I'm not sure exactly when I began to fully respect and adore the short story and the collective anthology concept. But exposure to short stories in grade school on through college fostered a real love for them. There was something about the short, sweet (and often not so sweet), self-contained story concepts that won me over. I thoroughly enjoyed the singular, often powerful focus of a given tale without the unnecessary, unruly fat that sometimes fills in a full novel. This may also partially explain my affection for essays collected for any variety of reference works.
Ray Bradbury's The Martian Chronicles (1950) and The Illustrated Man (1951) are fine examples of beloved short story collections and they were favorites of mine. Steven Spielberg's Amazing Stories seemed like a good idea for television. Phillip K. Dick was always a terrific option for short stories. Stephen King too. Ursula K. Le Guin's The One Who Walk Away From Omelas (1973) and Shirley Jackson's The Lottery (1948) were two memorable favorites of my formative years in school.
There's something very appealing about the tidy (or not so tidy) short story approach and the overall anthology concept that seems to work well for me. Even my long blog posts could learn a thing or two about the meaning and delight of the appropriately succinct short story.
Mind you, it's not that the stories are neatly wrapped up. There's often plenty left open-ended, unresolved and even left to interpretation for the viewer to digest. These make for some of the greatest short stories.
So what prompted my desire to showcase the Katsuhiro Otomo Anthology concept? Well, first a love of anime. Second, the relatively recent release of director Katsuhiro Otomo's Short Peace (2013). Finally, the realization that the long-respected director of animation had a good number of collections to analyze. With that thought in mind it seemed like an endeavor that was not only worthy of tackling but would be fun to do so in the process. I should also add that my original idea for covering this topic began back in early 2014 with this post, but alas it was lost. All of the work and effort vanished into the ether. So I have gone back to the drawing board and hopefully made this project an even better one.
Additionally, as a brief aside, I have been writing a good deal lately and assembling a number of planned posts that have just not reached completion. The short story of my life. Nevertheless, those are coming including one that really belongs here at Musings Of A Sci-Fi Fanatic, but it has been a massive undertaking - more time-consuming than I had anticipated.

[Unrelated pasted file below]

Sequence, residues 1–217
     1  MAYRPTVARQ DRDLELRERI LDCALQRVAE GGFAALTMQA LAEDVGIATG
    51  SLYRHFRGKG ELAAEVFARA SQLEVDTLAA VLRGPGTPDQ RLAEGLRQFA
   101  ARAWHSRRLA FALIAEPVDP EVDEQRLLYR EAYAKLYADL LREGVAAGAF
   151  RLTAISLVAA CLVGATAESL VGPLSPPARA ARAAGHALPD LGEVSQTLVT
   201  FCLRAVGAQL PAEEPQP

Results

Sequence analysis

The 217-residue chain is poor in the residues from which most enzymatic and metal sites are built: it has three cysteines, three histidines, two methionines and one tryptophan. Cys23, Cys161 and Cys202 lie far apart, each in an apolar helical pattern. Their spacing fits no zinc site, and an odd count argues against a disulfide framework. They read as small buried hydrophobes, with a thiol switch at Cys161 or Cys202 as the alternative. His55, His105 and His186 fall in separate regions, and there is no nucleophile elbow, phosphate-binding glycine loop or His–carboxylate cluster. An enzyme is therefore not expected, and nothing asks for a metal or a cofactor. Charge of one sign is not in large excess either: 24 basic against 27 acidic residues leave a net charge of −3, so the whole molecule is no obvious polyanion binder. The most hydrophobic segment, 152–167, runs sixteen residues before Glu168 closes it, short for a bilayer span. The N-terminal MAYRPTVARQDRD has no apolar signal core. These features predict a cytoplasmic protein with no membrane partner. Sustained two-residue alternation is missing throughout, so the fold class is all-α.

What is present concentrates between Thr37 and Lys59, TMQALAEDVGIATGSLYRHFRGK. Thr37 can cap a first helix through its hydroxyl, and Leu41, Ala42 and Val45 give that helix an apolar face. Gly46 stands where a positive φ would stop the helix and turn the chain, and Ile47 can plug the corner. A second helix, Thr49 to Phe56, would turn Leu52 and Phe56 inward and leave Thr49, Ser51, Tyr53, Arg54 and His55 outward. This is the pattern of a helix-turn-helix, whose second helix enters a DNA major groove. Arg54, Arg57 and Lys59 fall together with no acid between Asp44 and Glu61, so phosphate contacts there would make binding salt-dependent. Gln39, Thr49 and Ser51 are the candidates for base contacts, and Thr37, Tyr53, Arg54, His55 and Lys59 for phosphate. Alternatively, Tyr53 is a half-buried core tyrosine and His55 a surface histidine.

For the topic at hand, this serves as a brief introduction to a year long close inspection of all things Katsuhiro Otomo in 2015, but especially his short story collections. Much has been written about Hayao Miyazaki and Mamoru Oshii, but Otomo, certainly among the masters, seems to have received short shrift in the publishing world. Efforts will be made here to help right that ship.
Otomo is one of the few animators in the world of Japanese anime actively assembling short story-based film anthologies and he has a fine history in it within the medium. In short, the short story is a wonderful forum for animators and storytellers and an examination of those works is long overdue.
Before Otomo released Akira (1988) and later the underrated Steamboy (2004), Otomo placed his stamp on his first anthology film - Robot Carnival (1987). Interestingly, today, as of this writing, it was announced that Discotek would be releasing Robot Carnival in the USA officially, I believe for the first time. So exciting news on that front. Otomo followed the Robot Carnival collection the same year with Neo Tokyo (1987) - the name attributed to the fictional city of Akira. Nearly a decade later, a third anthology in the form of Memories (1995) arrived. In all, Otomo has placed his remarkably distinctive visual stamp on four anthologies.
The fourth and latest Otomo collection arrived in 2013, nine years after Steamboy, discounting his one brief foray into live action, with the anime anthology dubbed Short Peace. The recent Short Peace features two stories (of four) that have gone on to receive critical acclaim and awards in Japan.
I have every expectation that Short Peace will no doubt be impressive and potentially the best of his four anthologies.
In the run up to Short Peace, we will take a closer look and inspection at each of his visionary releases and walk into his worlds of science fiction and fantasy animation with a more critical eye.
Some stories will likely succeed more than others but there will be no shortage of creative inspiration from their makers.
In the coming months we'll put the microscope on Otomo's work and the anime medium and the presentation of the art form via Otomo's anthology films and more. So strap in, come on board and enjoy the ride.